The Catholic University of America
 

Certificate in Health Information Technology


Overview

The D.C. metropolitan region is at the intersection of the federal government, which is driving reform, and health care organizations, which are implementing new systems and improving efficiencies through the use of health information technology (HIT).  There is an immediate and vast need for highly-skilled HIT workers across the health care industry, with tremendous potential for employment and economic growth in this field; however, there is also a severe skills shortage in the current and prospective workforce. 

Who would most benefit?

This certificate program provides an excellent foundation for those interested in pursuing careers in medical coding, medical billing, electronic health records, health informatics, and similar careers.

Requirements

To earn the Certificate, students must complete seven core courses (21 credits) with a "C" or better. Students who have already completed similar courses at other institutions may apply for transfer credit, but they must complete at least five of the courses at CUA to earn the certificate.

Schedule

Courses are scheduled on an accelerated basis, enabling students to complete the entire program in as little as one calendar year. Courses typically meet either:

  • One evening per week, 5:30 - 9:45 pm, for a half-semester, OR
  • One evening per week, e.g., 6:10 to 8:40 pm, for a full semester. Courses involving more complex concepts and quantitative courses tend to meet on this schedule.
To complete the Certificate in a calendar year, students would normally take, for example, one full-semester course (meeting, e.g., every Tuesday evening for the full semester) and two half-semester courses (meeting, e.g., on Thursday evenings - one in the first half of the semester, and another meeting during the second half of the semester). Typically, credits earned toward a certificate program may be applied toward CUA's bachelor's degree programs as well.

Gainful Employment Data

The Department of Education requires that schools post Gainful Employment Data for certain types of programs, including this one.  The required information on this program is available here.
 

Required Courses

Course Number Title Description
MIS 201
Introduction to Health Informatics

Introduces students to the application of information technology concepts in health care environments.  Topics addressed include the development of the field of informatics, types of information systems used in health care, data standards, classifications and coding systems, and nomenclature, and uses of information systems in addressing clinical and managerial issues in health care.

MIS 204
Medical Terminology and Anatomy for HIT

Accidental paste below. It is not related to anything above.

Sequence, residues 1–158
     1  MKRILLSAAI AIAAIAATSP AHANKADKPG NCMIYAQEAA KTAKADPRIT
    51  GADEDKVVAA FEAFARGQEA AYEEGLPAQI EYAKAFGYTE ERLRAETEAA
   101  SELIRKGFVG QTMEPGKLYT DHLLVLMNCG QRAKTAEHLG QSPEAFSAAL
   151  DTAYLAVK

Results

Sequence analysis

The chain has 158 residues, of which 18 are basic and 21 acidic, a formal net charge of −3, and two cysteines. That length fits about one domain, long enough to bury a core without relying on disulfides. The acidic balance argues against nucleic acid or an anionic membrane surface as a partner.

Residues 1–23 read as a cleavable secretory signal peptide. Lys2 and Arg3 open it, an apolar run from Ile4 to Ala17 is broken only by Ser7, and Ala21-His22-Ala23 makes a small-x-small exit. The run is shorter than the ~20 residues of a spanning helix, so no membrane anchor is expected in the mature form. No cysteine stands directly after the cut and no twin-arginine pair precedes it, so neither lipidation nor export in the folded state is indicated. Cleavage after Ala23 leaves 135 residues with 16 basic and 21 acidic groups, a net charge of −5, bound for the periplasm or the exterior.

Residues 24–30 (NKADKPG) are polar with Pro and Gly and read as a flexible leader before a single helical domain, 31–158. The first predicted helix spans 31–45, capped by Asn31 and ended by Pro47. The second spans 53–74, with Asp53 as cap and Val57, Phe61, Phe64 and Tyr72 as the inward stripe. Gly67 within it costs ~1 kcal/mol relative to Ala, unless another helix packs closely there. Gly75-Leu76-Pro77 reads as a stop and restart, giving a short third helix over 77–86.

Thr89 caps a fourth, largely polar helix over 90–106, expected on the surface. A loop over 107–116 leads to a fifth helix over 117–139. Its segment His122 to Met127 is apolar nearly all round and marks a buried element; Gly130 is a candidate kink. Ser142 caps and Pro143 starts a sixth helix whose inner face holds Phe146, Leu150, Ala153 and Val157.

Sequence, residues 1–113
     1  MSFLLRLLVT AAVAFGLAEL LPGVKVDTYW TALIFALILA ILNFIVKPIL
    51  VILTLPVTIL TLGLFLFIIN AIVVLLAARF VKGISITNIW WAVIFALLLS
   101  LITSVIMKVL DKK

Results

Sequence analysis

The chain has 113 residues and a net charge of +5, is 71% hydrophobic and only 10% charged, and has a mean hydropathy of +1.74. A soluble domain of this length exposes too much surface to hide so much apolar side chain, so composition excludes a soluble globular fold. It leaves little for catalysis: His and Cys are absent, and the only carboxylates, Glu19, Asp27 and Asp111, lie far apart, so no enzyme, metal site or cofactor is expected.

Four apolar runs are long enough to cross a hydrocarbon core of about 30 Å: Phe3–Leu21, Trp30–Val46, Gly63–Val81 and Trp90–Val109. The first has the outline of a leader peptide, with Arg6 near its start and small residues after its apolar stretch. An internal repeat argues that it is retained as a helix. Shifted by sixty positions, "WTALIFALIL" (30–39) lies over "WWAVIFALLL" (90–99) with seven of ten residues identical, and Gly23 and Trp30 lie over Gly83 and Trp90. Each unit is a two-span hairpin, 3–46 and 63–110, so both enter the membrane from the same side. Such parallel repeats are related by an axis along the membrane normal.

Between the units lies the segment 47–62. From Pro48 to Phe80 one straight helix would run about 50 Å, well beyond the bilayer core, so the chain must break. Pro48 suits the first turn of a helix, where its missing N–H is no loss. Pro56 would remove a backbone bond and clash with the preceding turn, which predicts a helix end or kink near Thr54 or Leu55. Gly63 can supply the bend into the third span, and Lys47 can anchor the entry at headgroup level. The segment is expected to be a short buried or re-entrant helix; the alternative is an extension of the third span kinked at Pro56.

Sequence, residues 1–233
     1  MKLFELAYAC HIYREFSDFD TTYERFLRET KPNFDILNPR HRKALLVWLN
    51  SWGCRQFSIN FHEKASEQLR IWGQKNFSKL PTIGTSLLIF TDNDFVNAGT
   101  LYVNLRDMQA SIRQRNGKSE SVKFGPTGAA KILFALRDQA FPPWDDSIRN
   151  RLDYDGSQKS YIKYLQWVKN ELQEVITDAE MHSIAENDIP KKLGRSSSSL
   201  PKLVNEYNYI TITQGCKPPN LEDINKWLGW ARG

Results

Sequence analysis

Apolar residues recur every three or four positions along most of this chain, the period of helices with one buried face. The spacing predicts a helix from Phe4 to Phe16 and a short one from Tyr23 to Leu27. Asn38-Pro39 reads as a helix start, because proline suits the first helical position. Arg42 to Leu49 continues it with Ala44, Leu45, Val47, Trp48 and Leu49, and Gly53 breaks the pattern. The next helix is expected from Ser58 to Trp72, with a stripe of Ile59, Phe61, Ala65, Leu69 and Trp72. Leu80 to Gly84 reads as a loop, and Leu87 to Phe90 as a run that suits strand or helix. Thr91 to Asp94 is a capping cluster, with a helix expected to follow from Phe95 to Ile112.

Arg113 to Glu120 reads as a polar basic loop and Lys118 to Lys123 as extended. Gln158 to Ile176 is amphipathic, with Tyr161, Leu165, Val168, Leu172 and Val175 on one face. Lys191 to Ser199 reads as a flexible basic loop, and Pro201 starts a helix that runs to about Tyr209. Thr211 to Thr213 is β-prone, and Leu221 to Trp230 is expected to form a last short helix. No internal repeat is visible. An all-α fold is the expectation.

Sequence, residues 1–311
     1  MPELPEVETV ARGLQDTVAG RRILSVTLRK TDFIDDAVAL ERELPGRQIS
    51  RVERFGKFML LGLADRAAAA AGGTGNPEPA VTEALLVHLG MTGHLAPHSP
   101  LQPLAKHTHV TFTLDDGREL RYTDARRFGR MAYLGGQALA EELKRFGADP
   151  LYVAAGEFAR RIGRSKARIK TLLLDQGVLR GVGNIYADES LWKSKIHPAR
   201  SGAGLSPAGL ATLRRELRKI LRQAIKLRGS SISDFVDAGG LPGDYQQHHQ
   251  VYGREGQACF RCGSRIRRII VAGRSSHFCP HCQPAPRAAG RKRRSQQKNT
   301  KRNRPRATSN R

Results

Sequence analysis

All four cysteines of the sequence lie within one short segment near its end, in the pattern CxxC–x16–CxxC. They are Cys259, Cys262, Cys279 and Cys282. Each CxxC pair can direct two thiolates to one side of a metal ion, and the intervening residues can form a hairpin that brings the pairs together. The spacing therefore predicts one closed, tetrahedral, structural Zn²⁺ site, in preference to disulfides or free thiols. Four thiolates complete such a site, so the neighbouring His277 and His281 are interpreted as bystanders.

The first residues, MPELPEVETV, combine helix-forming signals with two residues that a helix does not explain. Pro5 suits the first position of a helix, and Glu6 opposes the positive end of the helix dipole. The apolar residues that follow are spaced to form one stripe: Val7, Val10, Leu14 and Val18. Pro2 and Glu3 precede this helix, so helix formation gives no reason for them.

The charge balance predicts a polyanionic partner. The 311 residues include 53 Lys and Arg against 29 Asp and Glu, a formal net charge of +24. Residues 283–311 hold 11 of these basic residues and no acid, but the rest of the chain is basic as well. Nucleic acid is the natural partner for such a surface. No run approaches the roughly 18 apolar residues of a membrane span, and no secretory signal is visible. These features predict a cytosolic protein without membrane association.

This course deals with issues and trends in the field of health informatics, with primary emphasis on elements of medical terminology.  Students become familiar with the anatomy of, and the terminology related to, the following body systems: musculoskeletal, integumentary, gastrointestinal, urinary, male and female reproductive, blood, lymphatic, immune, cardiovascular, respiratory, nervous, mental and behavioral health, special senses such as eye and ear, and endocrine.  

MIS 206
Medical Coding and Billing I

This course deals with issues and trends in the field of health informatics, with primary emphasis on elements of medical terminology.  Students become familiar with the anatomy of, and the terminology related to, the following body systems: musculoskeletal, integumentary, gastrointestinal, urinary, male and female reproductive, blood, lymphatic, immune, cardiovascular, respiratory, nervous, mental and behavioral health, special senses such as eye and ear, and endocrine.  Part I: Emphasizes medical coding.

MIS 207
Medical Coding and Billing II This course deals with issues and trends in the field of health informatics, with primary emphasis on elements of medical terminology.  Students become familiar with the anatomy of, and the terminology related to, the following body systems: musculoskeletal, integumentary, gastrointestinal, urinary, male and female reproductive, blood, lymphatic, immune, cardiovascular, respiratory, nervous, mental and behavioral health, special senses such as eye and ear, and endocrine.  Part II: Emphasizes medical billing.
MIS 208
Electronic Health Records I
Introduces the concepts and functions, as well as technological requirements and challenges, of electronic health records.  Addresses the importance of EHRs to the healthcare industry, implementation of EHR systems, privacy and security considerations, health information technology standards, and software options.  Medical office procedures, requirements, and customer service are also addressed.  Part I.
MIS 209
Electronic Health Records II Introduces the concepts and functions, as well as technological requirements and challenges, of electronic health records.  Addresses the importance of EHRs to the healthcare industry, implementation of EHR systems, privacy and security considerations, health information technology standards, and software options.  Medical office procedures, requirements, and customer service are also addressed. Part II.
MBU 165
Business Communication This course helps develop knowledge of, and skills in, effective communication by exposing students to development of written and oral communication skills.  The course focuses on preparing and delivering oral presentations, writing business documents, emails and communiques, and looking at basic budgeting and reporting. 

 

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